Lordstown plant to host open house
The doors at the General Motors Lordstown Assembly Plant once again will open to the public in May.
GM and United Auto Workers Local 1112 will celebrate 50 years of building vehicles at the plant May 20 and 21.
The first car built at Lords-town left the assembly line at 10 a.m. April 28, 1966. It was a four-door Chevrolet Impala sport sedan with fawn trim and built for Martin Chevrolet of Warren.
To celebrate, GM and UAW Local 1112, which includes 3,000 assembly-plant workers at the plant, will have an anniversary open house from 9 a.m. to 7 p.m. May 20 for the community to learn about UAW-GM, modern-day vehicle manufacturing, the Lordstown-built, next-generation Chevrolet Cruze and the history of the plant.
“Thanks to the support we have received from our customers and this community, Lordstown has established a strong U.S. manufacturing footprint that directly and indirectly employs thousands of people in our region,” said Steve Notar Donato, Lordstown plant manager, and Glenn Johnson, UAW Local 1112 president, in a joint statement.
There also will be a 50th- anniversary car show May 21 in the parking area of the Lordstown east plant off Hallock-Young Road.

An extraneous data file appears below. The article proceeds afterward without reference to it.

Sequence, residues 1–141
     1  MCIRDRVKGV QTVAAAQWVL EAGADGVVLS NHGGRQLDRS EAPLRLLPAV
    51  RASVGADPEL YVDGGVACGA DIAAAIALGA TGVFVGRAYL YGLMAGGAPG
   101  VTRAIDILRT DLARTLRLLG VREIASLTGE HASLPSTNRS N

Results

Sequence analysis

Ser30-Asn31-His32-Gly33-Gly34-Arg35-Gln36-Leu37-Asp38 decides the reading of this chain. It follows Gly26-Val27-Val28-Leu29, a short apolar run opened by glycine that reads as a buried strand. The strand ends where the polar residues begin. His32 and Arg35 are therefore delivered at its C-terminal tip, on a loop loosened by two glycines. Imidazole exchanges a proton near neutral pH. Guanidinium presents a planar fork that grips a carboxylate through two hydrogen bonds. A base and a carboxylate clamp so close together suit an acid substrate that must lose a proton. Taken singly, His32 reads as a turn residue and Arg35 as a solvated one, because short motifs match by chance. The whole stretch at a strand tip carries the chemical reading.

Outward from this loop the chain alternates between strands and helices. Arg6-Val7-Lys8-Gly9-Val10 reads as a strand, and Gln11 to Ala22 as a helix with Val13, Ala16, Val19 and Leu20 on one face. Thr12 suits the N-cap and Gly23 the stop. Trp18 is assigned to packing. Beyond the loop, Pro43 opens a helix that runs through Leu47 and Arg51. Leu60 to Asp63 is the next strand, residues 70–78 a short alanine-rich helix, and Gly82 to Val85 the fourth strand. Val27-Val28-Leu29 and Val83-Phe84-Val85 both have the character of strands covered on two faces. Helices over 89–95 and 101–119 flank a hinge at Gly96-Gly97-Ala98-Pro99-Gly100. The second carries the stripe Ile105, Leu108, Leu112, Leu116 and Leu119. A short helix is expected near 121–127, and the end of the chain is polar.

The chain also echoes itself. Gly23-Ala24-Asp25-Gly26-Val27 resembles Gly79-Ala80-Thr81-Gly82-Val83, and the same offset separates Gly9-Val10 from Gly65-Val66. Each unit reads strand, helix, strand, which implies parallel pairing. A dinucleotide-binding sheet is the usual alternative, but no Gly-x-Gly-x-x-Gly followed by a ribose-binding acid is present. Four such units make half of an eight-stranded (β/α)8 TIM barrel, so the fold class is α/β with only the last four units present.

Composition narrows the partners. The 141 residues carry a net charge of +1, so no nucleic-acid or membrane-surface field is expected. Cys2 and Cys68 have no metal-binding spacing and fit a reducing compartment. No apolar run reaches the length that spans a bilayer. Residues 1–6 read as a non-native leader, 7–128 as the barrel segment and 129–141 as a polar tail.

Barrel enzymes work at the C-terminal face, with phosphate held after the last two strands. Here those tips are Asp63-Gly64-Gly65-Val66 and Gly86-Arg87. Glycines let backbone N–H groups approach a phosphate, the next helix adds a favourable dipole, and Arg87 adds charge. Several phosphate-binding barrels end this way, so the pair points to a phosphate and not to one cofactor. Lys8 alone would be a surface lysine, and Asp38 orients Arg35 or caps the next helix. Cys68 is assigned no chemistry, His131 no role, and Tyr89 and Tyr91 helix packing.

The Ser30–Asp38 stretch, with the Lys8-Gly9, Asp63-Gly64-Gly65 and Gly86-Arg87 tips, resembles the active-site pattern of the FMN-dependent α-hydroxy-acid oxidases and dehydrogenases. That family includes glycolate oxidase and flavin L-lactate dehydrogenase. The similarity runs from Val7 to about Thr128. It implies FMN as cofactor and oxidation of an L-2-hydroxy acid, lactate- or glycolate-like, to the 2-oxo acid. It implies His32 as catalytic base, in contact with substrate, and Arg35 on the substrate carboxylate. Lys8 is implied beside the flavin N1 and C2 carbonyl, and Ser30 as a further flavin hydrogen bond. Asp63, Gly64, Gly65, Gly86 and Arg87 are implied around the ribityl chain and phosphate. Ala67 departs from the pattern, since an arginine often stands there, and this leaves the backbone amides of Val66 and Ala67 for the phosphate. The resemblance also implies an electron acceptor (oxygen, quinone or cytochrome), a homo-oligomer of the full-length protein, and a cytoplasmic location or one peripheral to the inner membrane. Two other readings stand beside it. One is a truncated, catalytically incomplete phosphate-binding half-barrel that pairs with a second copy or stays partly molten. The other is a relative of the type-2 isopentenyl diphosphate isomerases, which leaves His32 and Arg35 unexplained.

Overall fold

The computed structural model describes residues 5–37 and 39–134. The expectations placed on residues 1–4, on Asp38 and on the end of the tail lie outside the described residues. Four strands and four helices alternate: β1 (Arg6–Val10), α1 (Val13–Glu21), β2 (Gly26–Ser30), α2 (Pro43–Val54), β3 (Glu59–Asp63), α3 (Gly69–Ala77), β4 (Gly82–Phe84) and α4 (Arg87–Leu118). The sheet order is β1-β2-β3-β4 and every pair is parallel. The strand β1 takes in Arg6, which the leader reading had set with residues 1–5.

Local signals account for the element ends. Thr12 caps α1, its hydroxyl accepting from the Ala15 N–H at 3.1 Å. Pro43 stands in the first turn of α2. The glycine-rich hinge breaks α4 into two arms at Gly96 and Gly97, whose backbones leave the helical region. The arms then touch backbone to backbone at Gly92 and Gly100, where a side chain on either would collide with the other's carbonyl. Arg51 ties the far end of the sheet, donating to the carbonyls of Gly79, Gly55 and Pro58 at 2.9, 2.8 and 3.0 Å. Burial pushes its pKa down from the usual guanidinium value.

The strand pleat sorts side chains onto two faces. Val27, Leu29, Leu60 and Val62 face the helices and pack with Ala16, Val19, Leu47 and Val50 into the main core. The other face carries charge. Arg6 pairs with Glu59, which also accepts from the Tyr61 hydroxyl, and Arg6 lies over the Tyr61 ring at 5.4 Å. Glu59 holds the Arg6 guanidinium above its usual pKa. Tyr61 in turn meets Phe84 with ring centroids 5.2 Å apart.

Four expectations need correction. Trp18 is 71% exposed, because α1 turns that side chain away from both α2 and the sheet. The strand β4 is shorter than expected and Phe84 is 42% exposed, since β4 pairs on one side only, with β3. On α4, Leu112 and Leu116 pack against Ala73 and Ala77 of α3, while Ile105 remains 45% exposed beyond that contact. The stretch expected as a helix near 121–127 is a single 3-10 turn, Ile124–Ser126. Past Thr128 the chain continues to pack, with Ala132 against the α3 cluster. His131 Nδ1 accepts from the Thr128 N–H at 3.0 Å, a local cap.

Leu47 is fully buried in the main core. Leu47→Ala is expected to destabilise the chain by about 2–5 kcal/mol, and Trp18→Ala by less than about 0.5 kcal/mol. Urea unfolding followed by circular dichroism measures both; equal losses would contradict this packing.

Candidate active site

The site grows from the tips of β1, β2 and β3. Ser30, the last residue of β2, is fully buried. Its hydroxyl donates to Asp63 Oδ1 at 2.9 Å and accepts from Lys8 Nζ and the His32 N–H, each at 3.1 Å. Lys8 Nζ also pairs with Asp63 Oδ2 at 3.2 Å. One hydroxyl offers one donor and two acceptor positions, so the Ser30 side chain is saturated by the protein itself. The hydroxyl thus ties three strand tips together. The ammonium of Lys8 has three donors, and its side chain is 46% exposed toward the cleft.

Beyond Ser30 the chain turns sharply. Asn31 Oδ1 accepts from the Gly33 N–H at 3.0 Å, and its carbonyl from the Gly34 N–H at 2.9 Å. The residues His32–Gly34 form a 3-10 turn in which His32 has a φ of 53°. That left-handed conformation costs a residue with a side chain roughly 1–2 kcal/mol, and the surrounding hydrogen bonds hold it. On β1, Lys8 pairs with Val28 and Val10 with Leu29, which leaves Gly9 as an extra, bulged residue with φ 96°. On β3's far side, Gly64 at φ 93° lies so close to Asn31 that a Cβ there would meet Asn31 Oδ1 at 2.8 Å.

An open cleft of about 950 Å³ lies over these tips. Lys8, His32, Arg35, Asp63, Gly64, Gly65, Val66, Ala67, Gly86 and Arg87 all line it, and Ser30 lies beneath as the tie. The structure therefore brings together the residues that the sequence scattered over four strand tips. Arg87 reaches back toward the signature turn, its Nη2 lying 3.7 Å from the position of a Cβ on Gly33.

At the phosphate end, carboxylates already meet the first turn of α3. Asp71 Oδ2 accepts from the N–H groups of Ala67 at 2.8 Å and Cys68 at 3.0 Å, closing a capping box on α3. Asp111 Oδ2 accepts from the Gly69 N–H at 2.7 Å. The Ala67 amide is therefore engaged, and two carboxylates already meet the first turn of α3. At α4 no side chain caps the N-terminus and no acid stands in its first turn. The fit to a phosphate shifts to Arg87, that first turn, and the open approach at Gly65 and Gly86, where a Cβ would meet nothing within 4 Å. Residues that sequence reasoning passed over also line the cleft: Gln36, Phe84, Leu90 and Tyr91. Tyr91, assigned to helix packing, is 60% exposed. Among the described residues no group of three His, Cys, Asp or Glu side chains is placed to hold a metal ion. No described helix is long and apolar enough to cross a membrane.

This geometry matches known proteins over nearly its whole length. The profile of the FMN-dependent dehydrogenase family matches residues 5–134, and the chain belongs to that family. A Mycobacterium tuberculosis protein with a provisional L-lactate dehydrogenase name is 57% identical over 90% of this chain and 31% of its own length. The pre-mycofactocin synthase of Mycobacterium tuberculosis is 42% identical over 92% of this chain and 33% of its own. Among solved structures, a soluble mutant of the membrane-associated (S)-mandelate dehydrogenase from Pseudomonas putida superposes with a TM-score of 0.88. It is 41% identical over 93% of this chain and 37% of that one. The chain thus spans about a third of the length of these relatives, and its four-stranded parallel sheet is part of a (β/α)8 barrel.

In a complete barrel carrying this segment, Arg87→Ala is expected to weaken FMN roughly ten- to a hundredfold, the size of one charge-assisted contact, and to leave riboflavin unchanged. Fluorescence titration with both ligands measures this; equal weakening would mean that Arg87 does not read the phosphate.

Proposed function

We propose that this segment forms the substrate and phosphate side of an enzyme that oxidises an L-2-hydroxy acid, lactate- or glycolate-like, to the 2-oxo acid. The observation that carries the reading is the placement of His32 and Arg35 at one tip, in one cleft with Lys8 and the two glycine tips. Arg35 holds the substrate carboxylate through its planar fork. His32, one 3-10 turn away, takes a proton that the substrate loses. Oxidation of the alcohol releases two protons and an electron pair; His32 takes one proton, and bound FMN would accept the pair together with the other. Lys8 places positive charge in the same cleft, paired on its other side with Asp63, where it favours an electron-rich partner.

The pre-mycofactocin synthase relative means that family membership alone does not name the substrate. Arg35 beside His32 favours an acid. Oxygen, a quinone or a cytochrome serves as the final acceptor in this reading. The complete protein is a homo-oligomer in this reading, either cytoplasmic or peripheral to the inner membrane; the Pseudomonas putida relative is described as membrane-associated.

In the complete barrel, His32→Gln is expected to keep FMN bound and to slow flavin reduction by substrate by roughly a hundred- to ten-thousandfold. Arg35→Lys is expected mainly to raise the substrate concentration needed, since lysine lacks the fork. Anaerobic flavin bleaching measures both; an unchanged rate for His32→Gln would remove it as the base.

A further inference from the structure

Open-house registration forms are available at the 17 Chevrolet All-Star dealerships in Northeast Ohio and western Pennsylvania.
Tour guests are advised to register in advance at the Chevrolet dealerships. The walking tour route is about one hour.
Registration forms for the car show also are available at the Chevrolet All-Star dealerships and can be downloaded at www.uaw1112.com.
The last open house at Lordstown took place in May 2011.
The best-selling Chevrolet Cruze has been built at the complex since fall 2010. Workers now are building the next-generation Chevrolet Cruze, which will arrive in dealerships this spring.
GM has invested more than $250 million at the Lordstown complex recently to support the build of the redesigned Cruze.
Unveiled last summer, the new Cruze comes with a sleek design, enhanced safety features and more technology.